For example, a study by the Centre for Behaviour and Evolution, Newcastle University confirmed that women show a tendency to marry up in socio-economic status; this reduces the probability of marriage of low SES men.
Research at the universities of Alabama at Birmingham (UAB) and Texas A&M addressing the topic of socio-economic status, among other factors, showed that none of the socio-economic status variables appeared to be positively related to outmarriage within the Asian American community, and found lower-socioeconomically stable Asians sometimes utilized outmarriage to whites as a means to advance social status.
However, a 2009 study a year later by Yaunting Zhang and Jennifer Van Hook on behalf of Journal of Marriage and Family using a larger sample size than the previous study produced different results with Asian female/White male marriages shown as the least likely to divorce of any marriage pairing.
This data comes from Table 3 Model 4 of the Zhang paper, which incorporates all controls into the model.
Using the 2002 National Survey of Family Growth (Cycle VI), the likelihood of divorce for interracial couples to that of same-race couples was compared.
Comparisons across marriage cohorts revealed that, overall, interracial couples have higher rates of divorce, particularly for those that married during the late 1980s.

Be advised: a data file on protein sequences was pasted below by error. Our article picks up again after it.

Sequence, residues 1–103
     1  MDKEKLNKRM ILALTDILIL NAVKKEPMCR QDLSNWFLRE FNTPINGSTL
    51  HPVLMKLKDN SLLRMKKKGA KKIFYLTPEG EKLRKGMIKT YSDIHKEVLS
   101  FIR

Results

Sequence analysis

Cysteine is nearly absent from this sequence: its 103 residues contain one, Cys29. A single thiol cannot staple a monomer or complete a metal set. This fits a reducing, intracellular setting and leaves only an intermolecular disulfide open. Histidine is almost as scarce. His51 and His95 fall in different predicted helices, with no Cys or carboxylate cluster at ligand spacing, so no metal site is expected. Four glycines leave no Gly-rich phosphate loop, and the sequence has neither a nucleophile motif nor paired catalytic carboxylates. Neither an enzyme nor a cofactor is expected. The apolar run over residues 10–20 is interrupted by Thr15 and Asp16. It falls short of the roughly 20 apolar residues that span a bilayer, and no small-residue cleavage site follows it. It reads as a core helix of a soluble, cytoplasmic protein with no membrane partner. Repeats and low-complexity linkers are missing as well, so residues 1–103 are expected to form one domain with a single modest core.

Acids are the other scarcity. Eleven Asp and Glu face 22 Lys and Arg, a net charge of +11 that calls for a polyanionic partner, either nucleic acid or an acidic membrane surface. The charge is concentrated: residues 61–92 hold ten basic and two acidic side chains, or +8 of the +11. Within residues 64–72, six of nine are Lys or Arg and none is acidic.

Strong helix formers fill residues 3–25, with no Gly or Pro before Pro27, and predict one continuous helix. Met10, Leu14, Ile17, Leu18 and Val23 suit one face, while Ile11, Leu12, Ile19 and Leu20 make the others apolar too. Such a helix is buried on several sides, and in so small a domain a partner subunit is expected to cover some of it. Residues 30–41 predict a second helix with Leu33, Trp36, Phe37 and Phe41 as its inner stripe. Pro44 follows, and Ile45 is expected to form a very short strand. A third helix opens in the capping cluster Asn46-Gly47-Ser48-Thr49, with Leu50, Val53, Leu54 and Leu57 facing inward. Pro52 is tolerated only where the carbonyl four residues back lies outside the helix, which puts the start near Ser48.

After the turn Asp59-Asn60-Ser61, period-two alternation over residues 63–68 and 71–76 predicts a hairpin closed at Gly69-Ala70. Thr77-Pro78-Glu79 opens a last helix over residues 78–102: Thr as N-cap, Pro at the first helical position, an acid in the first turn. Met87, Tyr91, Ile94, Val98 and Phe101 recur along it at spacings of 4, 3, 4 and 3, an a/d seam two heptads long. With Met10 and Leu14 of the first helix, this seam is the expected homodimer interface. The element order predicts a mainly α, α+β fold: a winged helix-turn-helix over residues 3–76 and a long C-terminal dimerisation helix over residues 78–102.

This ranking scheme illustrates the manner in which the barriers against desegregation fell: Of less importance was the segregation in basic public facilities, which was abolished with the Civil Rights Act of 1964.
The most tenacious form of legal segregation, the banning of interracial marriage, was not fully lifted until the last anti-miscegenation laws were struck down in 1967 by the Supreme Court ruling in the landmark Loving v. Social enterprise research conducted on behalf of the Columbia Business School (2005–2007) showed that regional differences within the United States in how interracial relationships are perceived have persisted: Daters of both sexes from south of the Mason–Dixon line were found to have much stronger same-race preferences than northern daters did.
In 2006, 88% of foreign-born White Hispanic males were married to White Hispanic females.
In terms of out-marriage, Hispanic males who identified as White had non-Hispanic wives more often than other Hispanic men.